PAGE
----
Unlike mentoring or networking, your support system will focus on you as a person, rather than on your job or career. The primary mode of communication between yourself and the “players” in your support system should be one-on-one. At times, the level of interaction can be intense, particularly during periods of doubt and confusion.
The following descriptions of support system roles have been specifically selected to fit the needs of Doers who might be suffering and are in need of confirmation and clarity.
Confidence Builder: The key function of a confidence builder is to provide encouragement when you need a lift. Choose people who respect you for who you are, not for what you do. People who know you well are better able to sense when your spirits need a boost. Most Doers rely on their own self-confidence to get them through the rough spots. However, when the rough spots turn into tough times, it is comforting to know people who can supply you with the assurance you need to get back on track.
Challenger: This role requires someone who will question your flight plan if they think you need a course correction. You frequently need a sturdy sounding board to test your notions, thoughts, and ideas. The stronger your convictions are, the more people you will need to fill this role. Finding people who will say no, if no really is the best answer, is not an easy assignment. Just as you demand much of yourself, so must you demand much from the challengers in your support system. You will place demands on their time to listen to you, on their intellect to take you seriously, and on their willpower to refute your assumptions.
Motivator: Doers need relationships with people who stimulate their thinking and prompt them when they need a reality check. Motivators are like a starter on an engine which can be particularly useful when, after a period of idleness, you need a quick burst of energy to get moving again. Pick people who inspire you and build you up. They do not have to know you to be helpful. Authors, artists, poets, preachers, prophets, gurus, or just about anyone who provides a positive influence qualifies as a motivator.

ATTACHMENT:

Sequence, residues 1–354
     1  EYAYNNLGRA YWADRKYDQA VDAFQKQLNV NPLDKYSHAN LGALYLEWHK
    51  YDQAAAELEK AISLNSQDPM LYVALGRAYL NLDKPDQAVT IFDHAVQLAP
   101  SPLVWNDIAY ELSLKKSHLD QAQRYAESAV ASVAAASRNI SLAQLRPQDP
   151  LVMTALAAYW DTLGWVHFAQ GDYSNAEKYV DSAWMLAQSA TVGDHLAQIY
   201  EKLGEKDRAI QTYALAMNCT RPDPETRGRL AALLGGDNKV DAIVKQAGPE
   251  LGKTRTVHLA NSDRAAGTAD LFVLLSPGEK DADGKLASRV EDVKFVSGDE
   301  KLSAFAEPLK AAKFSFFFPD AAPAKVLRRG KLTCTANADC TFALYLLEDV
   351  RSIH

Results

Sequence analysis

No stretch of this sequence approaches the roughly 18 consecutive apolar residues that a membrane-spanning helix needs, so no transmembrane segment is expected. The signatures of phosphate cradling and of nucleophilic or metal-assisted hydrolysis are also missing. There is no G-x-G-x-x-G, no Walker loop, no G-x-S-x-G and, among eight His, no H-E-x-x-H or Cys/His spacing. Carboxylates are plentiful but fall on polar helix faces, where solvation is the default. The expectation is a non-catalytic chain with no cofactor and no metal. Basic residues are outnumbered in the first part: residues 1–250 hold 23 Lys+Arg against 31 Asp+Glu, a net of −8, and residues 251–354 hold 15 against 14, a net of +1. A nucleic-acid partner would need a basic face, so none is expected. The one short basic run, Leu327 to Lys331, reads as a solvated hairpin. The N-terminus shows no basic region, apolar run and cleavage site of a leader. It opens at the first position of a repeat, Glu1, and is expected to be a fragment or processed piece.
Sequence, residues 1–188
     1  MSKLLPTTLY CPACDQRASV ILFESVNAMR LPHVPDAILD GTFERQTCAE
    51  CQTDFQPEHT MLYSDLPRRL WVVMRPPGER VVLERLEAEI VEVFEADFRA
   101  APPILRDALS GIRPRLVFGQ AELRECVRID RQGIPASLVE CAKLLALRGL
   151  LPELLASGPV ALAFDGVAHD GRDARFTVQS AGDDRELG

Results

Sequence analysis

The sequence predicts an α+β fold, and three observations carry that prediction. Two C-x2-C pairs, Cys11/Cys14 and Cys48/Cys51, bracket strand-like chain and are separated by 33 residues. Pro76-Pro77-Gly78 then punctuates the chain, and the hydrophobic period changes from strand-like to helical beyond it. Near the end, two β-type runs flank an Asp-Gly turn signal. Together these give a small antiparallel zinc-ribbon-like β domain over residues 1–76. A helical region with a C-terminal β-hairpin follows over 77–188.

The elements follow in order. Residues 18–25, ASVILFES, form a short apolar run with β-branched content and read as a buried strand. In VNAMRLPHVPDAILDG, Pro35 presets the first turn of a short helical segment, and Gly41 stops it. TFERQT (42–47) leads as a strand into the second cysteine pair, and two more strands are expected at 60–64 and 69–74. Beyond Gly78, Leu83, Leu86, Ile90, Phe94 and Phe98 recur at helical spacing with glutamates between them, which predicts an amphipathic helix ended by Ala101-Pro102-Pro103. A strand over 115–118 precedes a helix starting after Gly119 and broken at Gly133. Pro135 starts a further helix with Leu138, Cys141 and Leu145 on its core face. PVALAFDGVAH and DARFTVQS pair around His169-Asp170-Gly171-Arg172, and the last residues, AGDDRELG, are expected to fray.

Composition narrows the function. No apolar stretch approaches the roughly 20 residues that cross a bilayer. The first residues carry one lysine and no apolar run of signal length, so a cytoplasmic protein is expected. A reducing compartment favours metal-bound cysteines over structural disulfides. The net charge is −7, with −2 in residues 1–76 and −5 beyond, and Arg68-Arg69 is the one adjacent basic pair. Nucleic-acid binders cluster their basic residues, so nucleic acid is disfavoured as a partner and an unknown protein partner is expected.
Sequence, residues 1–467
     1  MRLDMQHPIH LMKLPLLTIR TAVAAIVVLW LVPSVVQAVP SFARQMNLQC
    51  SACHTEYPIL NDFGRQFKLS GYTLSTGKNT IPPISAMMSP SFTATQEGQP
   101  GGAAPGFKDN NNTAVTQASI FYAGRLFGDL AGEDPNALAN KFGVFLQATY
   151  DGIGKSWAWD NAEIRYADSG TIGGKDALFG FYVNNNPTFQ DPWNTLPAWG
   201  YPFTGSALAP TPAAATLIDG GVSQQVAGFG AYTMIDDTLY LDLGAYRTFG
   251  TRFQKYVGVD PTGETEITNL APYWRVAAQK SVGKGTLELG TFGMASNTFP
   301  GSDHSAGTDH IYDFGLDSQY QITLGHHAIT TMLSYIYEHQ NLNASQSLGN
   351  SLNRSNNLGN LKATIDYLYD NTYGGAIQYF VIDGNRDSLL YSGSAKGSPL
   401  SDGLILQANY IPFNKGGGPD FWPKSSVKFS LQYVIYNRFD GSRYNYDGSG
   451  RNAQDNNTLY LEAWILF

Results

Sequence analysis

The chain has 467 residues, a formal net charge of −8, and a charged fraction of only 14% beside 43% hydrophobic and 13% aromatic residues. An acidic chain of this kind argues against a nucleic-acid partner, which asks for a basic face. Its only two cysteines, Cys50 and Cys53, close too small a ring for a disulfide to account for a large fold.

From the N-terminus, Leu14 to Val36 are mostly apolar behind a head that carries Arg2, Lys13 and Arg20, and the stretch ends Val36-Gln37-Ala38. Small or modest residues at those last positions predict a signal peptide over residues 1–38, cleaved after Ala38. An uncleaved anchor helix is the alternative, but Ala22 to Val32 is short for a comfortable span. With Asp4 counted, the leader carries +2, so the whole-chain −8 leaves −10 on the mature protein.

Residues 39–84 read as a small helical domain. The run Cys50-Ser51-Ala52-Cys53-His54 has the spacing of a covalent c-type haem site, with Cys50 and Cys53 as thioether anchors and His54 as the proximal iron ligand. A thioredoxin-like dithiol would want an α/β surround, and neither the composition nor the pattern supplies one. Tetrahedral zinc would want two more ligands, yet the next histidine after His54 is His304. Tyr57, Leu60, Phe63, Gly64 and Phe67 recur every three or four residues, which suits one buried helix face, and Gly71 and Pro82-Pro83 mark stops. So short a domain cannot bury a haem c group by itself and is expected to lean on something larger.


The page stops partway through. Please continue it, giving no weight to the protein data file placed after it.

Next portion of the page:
Sustainer: The sustainer is concerned for your welfare and your wellbeing. Just like the body, the mind needs nourishment to grow and develop. When your mental health sags, you need someone who will not just prop you up, but lift you up. You need to know that there are people who care what happens to you. Helping you look for opportunity in adversity is one way that sustainers can help you to broaden and develop your horizons.
Friend: Friends are people who care for you and admire the way you are. They see you as a special person and do not try to change you. You can trust them to respect your point of view, even if they disagree with it. They openly discuss their personal concerns and easily express their frank opinions. Spending time with your friends provides a source of satisfaction and stimulation rarely found in any other relationship.
Reflector: These are people who think like you, have the same interests as you, and agree with you on important issues. Because they are like you in many ways and value many of the same things you do, they serve as a “mirror” reflecting your thoughts and feelings. You are comfortable bouncing ideas around in their presence without fear of judgment or criticism. They accept your faults and forgive your mistakes because they respect you.
Limit the number of support roles you assign to any one person. The convenience of going to a single source for a variety of support needs is overshadowed by the possibility of stressing out that special person by expecting him or her to wear too many hats.